In his book, Things and Places, Zenon W. Pylyshyn says the following:
What has gone wrong is that we are using the content of phenomenological experience as the explanandum: we are trying to explain the content of the experience by positing certain intrinsic properties of a representation (or, more precisely, of the structure or medium in which the scene is represented). But this makes two untenable assumptions. First, it assumes that the content of experience reflects the content of some mental representation that plays a role in the process of perception and imagination. Secondly, it assumes that the content of thoughts or imaginings reveals the structure and properties of the format or medium in the brain in which the mental representations are expressed. Both these assumptions are victims of the well-known intentional fallacy, the fallacy of attributing properties of what is being represented to the representation itself (as if our representation of a red square were itself red and square).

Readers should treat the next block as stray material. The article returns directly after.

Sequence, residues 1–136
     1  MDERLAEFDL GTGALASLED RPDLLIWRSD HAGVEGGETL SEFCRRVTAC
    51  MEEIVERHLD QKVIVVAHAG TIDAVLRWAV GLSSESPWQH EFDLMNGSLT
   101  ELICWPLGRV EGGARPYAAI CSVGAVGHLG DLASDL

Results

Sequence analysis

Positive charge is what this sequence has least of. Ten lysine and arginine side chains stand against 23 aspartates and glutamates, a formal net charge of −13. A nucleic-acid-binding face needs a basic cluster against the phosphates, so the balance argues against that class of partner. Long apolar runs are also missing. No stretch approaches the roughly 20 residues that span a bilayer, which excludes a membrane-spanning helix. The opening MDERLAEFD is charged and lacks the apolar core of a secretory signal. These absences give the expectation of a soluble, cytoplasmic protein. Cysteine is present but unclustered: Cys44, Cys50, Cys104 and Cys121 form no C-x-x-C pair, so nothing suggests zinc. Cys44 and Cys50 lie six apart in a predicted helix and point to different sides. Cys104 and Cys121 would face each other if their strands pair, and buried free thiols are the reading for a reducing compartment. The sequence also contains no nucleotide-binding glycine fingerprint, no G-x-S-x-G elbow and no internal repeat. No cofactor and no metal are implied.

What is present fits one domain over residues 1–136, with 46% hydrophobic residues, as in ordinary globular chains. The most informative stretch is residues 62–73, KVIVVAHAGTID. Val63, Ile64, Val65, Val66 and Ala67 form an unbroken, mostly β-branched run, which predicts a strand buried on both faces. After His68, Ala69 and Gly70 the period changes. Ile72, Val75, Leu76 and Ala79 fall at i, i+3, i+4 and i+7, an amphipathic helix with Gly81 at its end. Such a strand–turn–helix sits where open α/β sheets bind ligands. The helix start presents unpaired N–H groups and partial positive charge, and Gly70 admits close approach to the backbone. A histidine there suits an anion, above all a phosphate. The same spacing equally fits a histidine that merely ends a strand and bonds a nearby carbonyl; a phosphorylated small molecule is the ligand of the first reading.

Two points in particular are difficult to understand:
- Why would he suggest that anyone would believe that the content of experience is something different from the representation? Unless we posit the idea of the homunculus, it seems we have to consider the experience, phenomenon and representation as different ways of speaking of the same thing.
- How does he believe that we can access the properties of what is being represented? The optic nerve passes action potentials to the brain, so unless he believes that action potentials can also bear properties from the physical world, he must believe that these properties come by means of ________? Please help me fill in the blank because I don't know what he might be thinking.
I'm not looking for any evidence to support his view. I'm just trying to find a reasonable way of understanding what he could mean.